This was another show that, though very good, and with one hell of anopening title, it was never as good again. I remember highlights, even moments of humor and heart, but nothing got my heart racing as much as the unexpectedly violent and gripping beginning.

“Brother?” (GantZ)

Gantz called, it thinks you Red Wedding was cute.

This show involved a mysterious orb/alien that drew people’s souls from the dead and made them fight monsters for the chance to be brought back to life in a sick and twisted game that makes Battle Royale (fuck your Hunger Games) look like Monopoly with the family.

This was some hard-R shit, especially if seen uncensored. The very first scene involved the main character, a giant perv, imagining all of his female classmates completely naked. Then he and his best friend get crushed by the subway, with weird close ups to their flying severed heads. The violence was cruel and pretty much limitless here. The “players” in Gantz’s game died horrible and graphic deaths, no matter their age or gender. Old ladies, little children, big guys, ugly guys, guys who climb on rocks, all get sliced, diced, exploded, melted, broken, crushed, and more.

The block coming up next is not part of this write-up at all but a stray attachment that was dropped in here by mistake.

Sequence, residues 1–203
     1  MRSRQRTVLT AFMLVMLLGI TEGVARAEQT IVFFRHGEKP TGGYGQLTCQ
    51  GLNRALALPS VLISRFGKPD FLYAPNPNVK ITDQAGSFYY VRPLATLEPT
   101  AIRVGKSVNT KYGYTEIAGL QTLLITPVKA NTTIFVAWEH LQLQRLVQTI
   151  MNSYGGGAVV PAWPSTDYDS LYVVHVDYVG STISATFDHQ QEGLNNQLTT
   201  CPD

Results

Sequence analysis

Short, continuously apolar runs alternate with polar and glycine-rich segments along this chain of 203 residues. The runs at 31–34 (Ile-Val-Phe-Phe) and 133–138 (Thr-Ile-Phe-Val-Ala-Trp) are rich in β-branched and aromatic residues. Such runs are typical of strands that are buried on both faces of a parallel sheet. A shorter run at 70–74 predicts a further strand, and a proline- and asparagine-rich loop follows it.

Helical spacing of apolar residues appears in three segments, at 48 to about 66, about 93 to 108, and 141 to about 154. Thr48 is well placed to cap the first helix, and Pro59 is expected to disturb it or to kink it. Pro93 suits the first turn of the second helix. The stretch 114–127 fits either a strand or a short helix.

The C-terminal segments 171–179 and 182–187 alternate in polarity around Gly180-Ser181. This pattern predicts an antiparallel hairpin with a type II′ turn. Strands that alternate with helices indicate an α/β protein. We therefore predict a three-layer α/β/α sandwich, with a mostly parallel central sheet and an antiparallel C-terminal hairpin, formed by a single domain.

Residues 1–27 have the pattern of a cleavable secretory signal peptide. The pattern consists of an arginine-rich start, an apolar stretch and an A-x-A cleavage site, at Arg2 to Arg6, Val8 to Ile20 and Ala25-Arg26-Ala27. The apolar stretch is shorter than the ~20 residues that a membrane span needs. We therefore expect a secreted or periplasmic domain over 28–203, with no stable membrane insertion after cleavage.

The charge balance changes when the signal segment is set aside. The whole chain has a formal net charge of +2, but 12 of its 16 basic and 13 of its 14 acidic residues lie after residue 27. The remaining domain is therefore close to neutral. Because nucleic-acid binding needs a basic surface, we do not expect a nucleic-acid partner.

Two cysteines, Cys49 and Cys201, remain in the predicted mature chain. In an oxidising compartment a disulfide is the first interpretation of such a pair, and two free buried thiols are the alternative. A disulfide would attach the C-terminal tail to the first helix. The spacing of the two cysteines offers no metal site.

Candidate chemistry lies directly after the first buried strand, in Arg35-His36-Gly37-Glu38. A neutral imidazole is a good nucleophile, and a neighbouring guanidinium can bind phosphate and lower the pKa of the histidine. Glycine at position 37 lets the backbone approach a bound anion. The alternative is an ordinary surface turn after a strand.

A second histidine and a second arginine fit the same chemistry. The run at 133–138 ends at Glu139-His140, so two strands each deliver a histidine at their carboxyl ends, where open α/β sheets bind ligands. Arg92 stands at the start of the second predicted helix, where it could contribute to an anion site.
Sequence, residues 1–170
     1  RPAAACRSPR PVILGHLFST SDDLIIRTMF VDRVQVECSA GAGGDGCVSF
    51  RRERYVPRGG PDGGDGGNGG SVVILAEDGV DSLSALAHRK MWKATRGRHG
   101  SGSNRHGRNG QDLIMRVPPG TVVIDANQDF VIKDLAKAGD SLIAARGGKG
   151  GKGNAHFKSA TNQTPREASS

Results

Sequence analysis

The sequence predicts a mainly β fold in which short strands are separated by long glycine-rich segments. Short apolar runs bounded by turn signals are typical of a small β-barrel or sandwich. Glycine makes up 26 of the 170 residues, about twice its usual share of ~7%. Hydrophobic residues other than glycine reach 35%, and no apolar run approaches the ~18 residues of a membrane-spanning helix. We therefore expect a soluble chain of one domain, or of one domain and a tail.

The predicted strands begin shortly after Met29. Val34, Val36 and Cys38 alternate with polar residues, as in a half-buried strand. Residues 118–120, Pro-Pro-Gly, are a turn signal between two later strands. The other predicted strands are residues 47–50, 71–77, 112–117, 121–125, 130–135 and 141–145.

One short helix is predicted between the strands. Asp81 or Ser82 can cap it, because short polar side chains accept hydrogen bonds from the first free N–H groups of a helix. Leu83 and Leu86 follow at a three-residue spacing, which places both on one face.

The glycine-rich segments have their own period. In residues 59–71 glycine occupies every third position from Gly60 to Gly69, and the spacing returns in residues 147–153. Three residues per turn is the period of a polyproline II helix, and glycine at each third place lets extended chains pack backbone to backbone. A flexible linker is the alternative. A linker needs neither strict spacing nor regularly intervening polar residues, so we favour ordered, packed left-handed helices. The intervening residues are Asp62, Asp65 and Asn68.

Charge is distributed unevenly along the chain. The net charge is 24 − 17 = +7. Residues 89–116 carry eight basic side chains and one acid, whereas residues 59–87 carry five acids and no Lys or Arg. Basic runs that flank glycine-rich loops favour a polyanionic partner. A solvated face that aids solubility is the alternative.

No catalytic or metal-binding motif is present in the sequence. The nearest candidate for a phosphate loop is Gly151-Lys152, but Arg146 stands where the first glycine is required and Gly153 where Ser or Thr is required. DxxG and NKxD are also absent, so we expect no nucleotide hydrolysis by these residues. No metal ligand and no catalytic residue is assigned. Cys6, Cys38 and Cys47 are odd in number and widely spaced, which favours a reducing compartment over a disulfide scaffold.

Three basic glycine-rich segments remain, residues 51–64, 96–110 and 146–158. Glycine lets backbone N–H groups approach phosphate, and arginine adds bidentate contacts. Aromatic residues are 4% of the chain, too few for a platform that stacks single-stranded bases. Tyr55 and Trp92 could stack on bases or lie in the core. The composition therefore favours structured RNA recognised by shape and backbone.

Yet most of the time these deaths involved side characters and not the main cast you inexplicably grow to love despite most of them being assholes or dumbasses. Flashforward to the end of the third game/arc, where the cast of leads has become big, varied, and likeable. Romantic relationships have been developed, friendships have been forged, and people are learning to play the game to the point that they’re close to winning their freedom back. What’s the obvious next step?